Failure to rotate tires every 7,500 miles (You may have been charged for tire rotation, but perhaps it was not done.)
Bad alignment (When, if ever, was the alignment checked?)
Local driving, with lots of turns (This is much harder on tires than highway driving.)
However, no tire goes from having a decent amount of tread to being bald in a short period of time, so the drastic difference in tread depth between the front & the rear tires makes it obvious that nobody (both the OP and the folks at the service facility) has looked at these tires (and their pressure, and their alignment) for quite a while.
Unfortunately, I don’t see any solution other than the OP buying a set of 4 new tires.
Hopefully there will be frequent pressure checks and visual inspections of those new tires, lest history repeat itself.
I hate to say this but did you possibly buy a bit to much car? If you cant afford tires for it maybe you should look at a cheaper car. I know its not common to need tires at 14k miles, but I have seen oem tires needing replacement at 20k miles.
I hate to say this but did you possibly buy a bit to much car? If you cant afford tires for it maybe you should look at a cheaper car.
Don’t feel bad about saying this. It’s true that the OP should have bought an older car, although switching at this point is perhaps a different argument because of the money lost on depreciation.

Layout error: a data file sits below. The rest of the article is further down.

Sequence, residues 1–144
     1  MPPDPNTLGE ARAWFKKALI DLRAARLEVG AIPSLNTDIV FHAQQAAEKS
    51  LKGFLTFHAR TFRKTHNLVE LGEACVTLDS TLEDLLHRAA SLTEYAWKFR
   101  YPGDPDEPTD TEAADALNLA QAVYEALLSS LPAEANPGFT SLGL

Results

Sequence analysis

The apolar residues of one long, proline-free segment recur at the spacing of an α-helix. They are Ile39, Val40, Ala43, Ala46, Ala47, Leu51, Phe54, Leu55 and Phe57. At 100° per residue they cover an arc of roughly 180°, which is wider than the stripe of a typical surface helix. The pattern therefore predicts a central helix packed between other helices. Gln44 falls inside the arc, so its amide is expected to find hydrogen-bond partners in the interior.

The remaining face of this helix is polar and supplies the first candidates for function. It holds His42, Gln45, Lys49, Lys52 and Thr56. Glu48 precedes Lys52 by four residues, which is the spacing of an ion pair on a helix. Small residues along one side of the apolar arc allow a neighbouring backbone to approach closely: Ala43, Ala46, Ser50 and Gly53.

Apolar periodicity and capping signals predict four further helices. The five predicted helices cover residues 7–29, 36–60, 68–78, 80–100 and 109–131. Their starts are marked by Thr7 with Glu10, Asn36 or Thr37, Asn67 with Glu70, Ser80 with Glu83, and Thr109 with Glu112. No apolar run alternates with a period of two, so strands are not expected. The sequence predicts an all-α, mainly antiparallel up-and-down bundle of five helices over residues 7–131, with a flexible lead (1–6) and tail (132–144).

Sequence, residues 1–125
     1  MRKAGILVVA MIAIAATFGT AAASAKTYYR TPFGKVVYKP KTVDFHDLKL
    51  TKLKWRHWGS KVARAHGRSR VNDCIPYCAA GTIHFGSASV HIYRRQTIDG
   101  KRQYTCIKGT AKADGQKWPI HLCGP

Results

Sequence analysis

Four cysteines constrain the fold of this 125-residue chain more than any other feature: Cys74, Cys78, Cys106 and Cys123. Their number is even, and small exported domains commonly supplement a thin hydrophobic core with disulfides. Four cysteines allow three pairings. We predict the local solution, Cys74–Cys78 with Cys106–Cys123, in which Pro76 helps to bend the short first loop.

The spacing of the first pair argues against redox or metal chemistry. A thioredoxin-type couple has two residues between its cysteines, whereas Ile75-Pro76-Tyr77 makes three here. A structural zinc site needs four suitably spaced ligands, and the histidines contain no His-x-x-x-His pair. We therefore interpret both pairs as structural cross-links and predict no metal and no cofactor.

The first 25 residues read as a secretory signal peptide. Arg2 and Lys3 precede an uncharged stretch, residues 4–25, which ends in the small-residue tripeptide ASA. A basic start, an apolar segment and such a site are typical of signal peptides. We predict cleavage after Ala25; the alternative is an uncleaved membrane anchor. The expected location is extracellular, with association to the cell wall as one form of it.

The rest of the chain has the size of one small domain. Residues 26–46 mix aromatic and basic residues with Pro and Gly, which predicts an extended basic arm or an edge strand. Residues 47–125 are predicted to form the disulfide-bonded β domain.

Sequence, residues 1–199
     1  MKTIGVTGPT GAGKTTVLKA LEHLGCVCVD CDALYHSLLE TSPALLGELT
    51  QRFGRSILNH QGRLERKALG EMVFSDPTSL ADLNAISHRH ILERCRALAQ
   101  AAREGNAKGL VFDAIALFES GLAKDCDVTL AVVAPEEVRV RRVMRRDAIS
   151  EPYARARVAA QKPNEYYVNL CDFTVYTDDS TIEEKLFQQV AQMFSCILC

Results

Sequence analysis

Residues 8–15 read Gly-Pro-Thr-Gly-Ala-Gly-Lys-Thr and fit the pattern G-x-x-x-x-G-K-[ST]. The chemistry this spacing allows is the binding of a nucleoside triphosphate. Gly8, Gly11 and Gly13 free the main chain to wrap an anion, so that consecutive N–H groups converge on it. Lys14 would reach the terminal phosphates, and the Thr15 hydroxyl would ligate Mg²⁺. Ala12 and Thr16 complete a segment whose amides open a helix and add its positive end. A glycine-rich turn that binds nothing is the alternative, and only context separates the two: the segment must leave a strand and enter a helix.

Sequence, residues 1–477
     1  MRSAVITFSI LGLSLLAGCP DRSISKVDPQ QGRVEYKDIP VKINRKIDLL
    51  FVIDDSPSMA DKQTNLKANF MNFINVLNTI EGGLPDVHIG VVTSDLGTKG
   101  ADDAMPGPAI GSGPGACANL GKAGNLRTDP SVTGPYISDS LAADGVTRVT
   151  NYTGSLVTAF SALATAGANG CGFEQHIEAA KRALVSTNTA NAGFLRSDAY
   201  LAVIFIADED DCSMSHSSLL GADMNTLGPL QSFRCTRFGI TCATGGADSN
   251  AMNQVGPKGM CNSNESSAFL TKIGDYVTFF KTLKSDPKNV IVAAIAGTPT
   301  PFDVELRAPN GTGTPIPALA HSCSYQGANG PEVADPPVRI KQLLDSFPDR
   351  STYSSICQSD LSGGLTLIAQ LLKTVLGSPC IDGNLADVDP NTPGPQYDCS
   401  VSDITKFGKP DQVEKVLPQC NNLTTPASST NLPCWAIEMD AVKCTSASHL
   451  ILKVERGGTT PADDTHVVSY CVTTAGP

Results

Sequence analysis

Note if your brakes are worn or worn out Subaru covers them for 3yrs/36k miles if warranty is same as our 2005 Legacy GT was. Wife wore her first set out in 35k and Subaru footed the bill including new rotors!
First, short trips are tough on tires. Freeway miles are practically free. That’s because in order to turn a vehicle, the tire has to develop a slip angle - and that slip angle causes wear.
So if you spend most of your drive doing short hops, your tires are going to wear quickly no matter what you do.
Your Subie is basically a front wheel drive car that makes the front wheels drive, steer and carry the most weight. If you don’t rotate the tires, the fronts will wear out much faster than the rears. That said, 14k is pretty fast. If you buy the same tire size, and better still - brand and tire model, as the rear, you should be OK to buy only 2 tires.
I agree with several posters here, check the alignment, if it is off, that could explain the tire wear. Is the steering wheel pointed straight ahead when you are in the middle lane of 3 lanes of traffic (flattest part of the road)? If not, you’ve likely bent something and thrown off the alignment.
Another thought, since you have a shimmy AND the passenger front is worn more than the drivers side, check for a bent wheel. The bent wheel will cause a shimmy and it will also wear the tire faster since it “wiggles” back and forth. I had this problem on my wife’s car and whatever she hit, it didn’t affect the alignment but it bent the wheel.
Bald tires don’t grip in the rain, if it rains when you take your trip, you could hydroplane off the road…not good.
“Well since all Subarus sold in the US for the past 2 decades have been equipped with AWD, then–yes–it is necessary to replace all 4 tires at the same time on a Subaru, unless it is a very old model.” — Because it’s AWD, not because it’s a Subaru.
“Your Subie is basically a front wheel drive car that makes the front wheels drive, steer and carry the most weight.”
That is true for many of the Honda & Toyota AWD systems, but it is not true for the full-time AWD systems on Subarus.
The AWD system on this car normally has a 50/50 torque split, and when wheel-slip is detected, the torque split can change to 60/40 or 40/60.